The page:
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Caltrain cuts service in half during COVID-19 outbreak

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Transit will still operate during the order, despite the mandate to use it as little as possible

caltrains on the track Photo by Z.H.CHEN/Shutterstock

Update: In an effort to keep readers abreast of transit options during a critical time, Curbed SF will update this list daily. A reminder that the public health officers of all nine Bay Area counties advise only using public transit for necessary and essential travel, such as buying food and supplies and visiting the doctor. Practice safe social distancing and stay six feet away from other passengers whenever possible.


With the entire state under a shelter-in-place mandate, how are residents expected to get around for the duration of this indefinite order? The whole idea is that you shouldn’t travel—but “shelter in place” does not mean home imprisonment, and many people will still have to leave home to tend to essentials.

For those who feel anxious or uncertain, note that transit is still available throughout SF, with few changes anticipated.

  • Caltrain announced last week that it’s cutting service by more than 50 percent, dropping from the regular 92 trains daily down to 42 starting March 30, in response to the loss of three-quarters of its daily ridership. “Trains will make all local weekday stops between San Jose and San Francisco every 30-60 minutes, depending on time of day,” Caltrain managers say. For the new schedule, see here.
  • As of March 23, AC Transit is now free to ride for an indefinite period during the ongoing COVID-19 outbreak. Buses in the system now also allow rear-door boarding so that riders can keep the prescribed six-foot distance from drivers while boarding as well.
  • Muni has halted all subway and light-rail car traffic, which will be replaced by bus service.
  • BART is “strongly encouraged to remain open,” according to the shelter-in-place order, and will maintain regular service. BART ridership has plunged in recent weeks, losing almost 90 percent of its ridership most days, and as such the agency has trimmed operating hours in an effort to save money, switching to a 5 a.m. to 9 a.m. schedule on weekdays and 6 a.m. to 9 p.m. on weekends.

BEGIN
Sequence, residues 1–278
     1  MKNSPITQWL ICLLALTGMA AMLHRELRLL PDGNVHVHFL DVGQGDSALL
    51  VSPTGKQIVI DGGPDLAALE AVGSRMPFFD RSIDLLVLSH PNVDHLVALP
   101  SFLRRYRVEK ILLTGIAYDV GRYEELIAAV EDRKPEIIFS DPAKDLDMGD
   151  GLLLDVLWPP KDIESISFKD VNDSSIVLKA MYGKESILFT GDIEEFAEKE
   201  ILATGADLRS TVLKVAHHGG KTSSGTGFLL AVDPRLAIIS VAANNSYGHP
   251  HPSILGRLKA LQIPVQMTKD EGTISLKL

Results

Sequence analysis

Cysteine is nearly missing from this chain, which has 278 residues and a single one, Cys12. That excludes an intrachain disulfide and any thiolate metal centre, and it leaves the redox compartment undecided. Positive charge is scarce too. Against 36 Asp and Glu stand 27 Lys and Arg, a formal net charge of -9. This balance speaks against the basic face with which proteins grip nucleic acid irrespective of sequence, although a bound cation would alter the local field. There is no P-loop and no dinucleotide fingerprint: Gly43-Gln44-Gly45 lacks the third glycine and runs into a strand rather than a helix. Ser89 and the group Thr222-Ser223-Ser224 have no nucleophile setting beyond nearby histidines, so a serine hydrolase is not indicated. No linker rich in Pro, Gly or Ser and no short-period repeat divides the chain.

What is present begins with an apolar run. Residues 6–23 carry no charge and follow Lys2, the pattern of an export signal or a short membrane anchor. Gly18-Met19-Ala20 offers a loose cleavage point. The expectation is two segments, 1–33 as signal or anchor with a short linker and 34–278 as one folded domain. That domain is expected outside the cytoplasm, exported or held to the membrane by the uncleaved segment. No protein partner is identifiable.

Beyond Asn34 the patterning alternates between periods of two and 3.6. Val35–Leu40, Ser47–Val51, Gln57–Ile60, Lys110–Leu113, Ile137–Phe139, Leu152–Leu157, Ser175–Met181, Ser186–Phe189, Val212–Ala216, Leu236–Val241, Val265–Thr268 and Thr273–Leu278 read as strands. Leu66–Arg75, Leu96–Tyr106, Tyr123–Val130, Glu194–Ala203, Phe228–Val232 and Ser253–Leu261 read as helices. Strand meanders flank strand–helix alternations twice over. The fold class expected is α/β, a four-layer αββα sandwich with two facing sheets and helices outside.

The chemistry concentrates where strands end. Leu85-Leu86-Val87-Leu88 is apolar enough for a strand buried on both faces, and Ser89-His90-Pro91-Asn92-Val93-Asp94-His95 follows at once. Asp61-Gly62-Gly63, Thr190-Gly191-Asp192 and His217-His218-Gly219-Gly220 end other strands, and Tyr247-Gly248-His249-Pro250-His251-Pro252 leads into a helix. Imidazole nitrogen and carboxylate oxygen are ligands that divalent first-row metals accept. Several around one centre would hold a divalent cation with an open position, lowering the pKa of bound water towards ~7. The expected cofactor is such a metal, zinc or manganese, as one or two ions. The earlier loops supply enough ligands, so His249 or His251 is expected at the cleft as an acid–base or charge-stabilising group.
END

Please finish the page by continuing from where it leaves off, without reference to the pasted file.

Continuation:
• San Francisco Bay Ferry is suspending service to Pier 41, Richmond, Harbor Bay, and South San Francisco, and all weekend service. A reduced schedule—available here—will service the remaining lines during weekdays. The ferry will also cap the number of people on each boat. The agency has told the public to avoid taking the ferry if possible so that essential workers with no other means of commuting can avoid contact, even quipping on Twitter, “Thank you for not riding San Francisco Bay Ferry.”
  • Golden Gate Ferry has eliminated weekend service completely. Starting Monday, it will implement a reduced schedule due to “extremely low ridership.” The new timetable is available here.
  • Like BART and Muni, the shelter directive also qualifies SFO as an essential service and the airport remains open, although for obvious reasons air travel is discouraged under all but the most critical circumstances.
  • A Lyft spokesperson tells Curbed SF, “In line with the guidance from government officials, Lyft will continue to provide transportation for those with essential needs.” Both Lyft and Uber have suspended “shared” and similar carpool options in the Bay Area for the time being, to reduce the number of people in close quarters in ride-hail cars.
  • Uber announced that starting Tuesday it will discount trips made to visit food distribution centers set up at now-vacant SF schools, up to $10 off if app users use the code “SFUSD2020.” The school district will provide free meals for kids 18 and younger during the closure (many families rely on schools to provide one meal per day for students), with a list of active centers available here.

This is a developing story and Curbed SF will update the list as more details become available. Remember: Residents are permitted to leave their homes to attend to necessary business, but asked to avoid optional and extracurricular trips.